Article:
UH Hilo business major Pelenatete Leilua wants to help businesses in Sāmoa guide social change

Passion to help others is the driving force behind Pelenatete Leilua’s studies and future plans.

By Lara Hughes.

Pelenatete Leilua standing in front of the Lincoln Memorial, Washington, D.C.
Pelenatete Leilua gives the shaka while visiting the Lincoln Memorial, Washington, D.C., during her summer internship in the city. Courtesy photo, click to enlarge.
Pelenatete Kate Leilua
Pelenatete Kate Leilua

Pelenatete Kate Leilua, a senior at the University of Hawai‘i at Hilo majoring in business administration, believes that an education, and more specifically a degree, is the one thing no one can take away from you once you have it.

It was this idea—and remembering the sacrifices that her family back home in Apia, Sāmoa, made for her—that motivated Leilua to seek a higher education and keeps her focused while attending university.

Leilua is majoring in business administration with a concentration on marketing. “We are humans and I was fascinated on how drafting a message can influence people’s behavior,” she says about her choice of study. Successful marketing can be a very specific science, and she enjoys learning about methods of communication that are used to reach different people.


Leilua has been at UH Hilo for two years now and in that time has completed three internships with different companies.

The first was a finance internship back in her home of Sāmoa during the summer of 2014. This opportunity allowed her to witness the day-to-day inner workings of a corporate telecommunications company offering invaluable professional knowledge and skills.

Pele standing with graphic of the world hanging behind her.
During the summer of 2015, Leilua was an intern at the International Franchise Association in Washington D.C. Here she stands in the offices of the advocacy organization.

Her second internship was in the summer of 2015 with the International Franchise Association in Washington D.C. IFA uses government relations, public policy, media relations, and educational programs to advocate for more than 780,000 franchises nationwide. “It was a great experience to learn operations within a non-profit in the nation’s capitol,” she says.

For her final semester she is completing a third internship at UH Hilo. Her job entails creating awareness for UH Hilo students regarding the different types of transportation available on campus through marketing strategy. She is working closely with the university’s transportation committee.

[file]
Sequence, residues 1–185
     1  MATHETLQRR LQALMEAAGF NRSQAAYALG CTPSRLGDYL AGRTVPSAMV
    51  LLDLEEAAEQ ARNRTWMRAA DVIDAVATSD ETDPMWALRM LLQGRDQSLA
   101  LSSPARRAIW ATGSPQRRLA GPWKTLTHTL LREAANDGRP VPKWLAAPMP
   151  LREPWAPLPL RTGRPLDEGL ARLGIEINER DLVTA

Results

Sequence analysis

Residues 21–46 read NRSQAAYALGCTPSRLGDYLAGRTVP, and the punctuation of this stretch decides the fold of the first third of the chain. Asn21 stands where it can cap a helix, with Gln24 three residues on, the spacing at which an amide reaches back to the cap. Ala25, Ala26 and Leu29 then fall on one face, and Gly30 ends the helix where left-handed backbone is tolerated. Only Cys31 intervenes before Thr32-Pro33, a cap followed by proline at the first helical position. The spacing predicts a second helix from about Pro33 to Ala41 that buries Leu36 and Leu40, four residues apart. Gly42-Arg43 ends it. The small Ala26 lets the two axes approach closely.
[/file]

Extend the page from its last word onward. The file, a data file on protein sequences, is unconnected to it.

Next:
Jim Mellon, director of UH Hilo’s international student services and intercultural education programs, is impressed with Leilua’s work on campus. “She is creating an ‘Uber’-esque transportation system on campus for students,” he says. “She also did a lot of marketing research last year that had an influence on the university allowing outside food vendors to open up on campus.”

Community outreach

Aside from keeping busy with internships, Leilua also volunteers as a mentor for high school students and donates five hours of her week to helping the elderly in the Hilo community with yard work and household chores.

It’s no wonder that her favorite course was Social Entrepreneurship (MGT 425), where students who took the class were given the opportunity to help a local social business. Leilua worked with The Makery, which is a craft and arts gallery employing disabled workers in downtown Hilo. The students found that the company didn’t have much online presence, so the students created online mediums to help promote the artwork.

“It’s a passion (of mine) to help provide opportunities for those less fortunate,” explains Leilua.

This passion to help others is the driving force behind Leilua’s future plans. She wants to help businesses in Sāmoa guide social change and use sustainable practices to create job opportunities for the less fortunate.

She has been offered a few permanent positions with the various companies that she has interned with during her college career, and has also applied to different companies back home in Sāmoa.

“The greatest challenge I had to overcome was to get here and complete my degree program,” says the ambitious senior about overcoming her personal challenges. “The hardest part is starting but the rest falls into place when you work hard and keep in mind why (you are) here.”

This story is part of a series by Lara Hughes featuring international students:






About the author of this story: Lara Hughes is a junior at UH Hilo majoring in business administration. She is a public information intern in the Office of the Chancellor. 

-UH Hilo Stories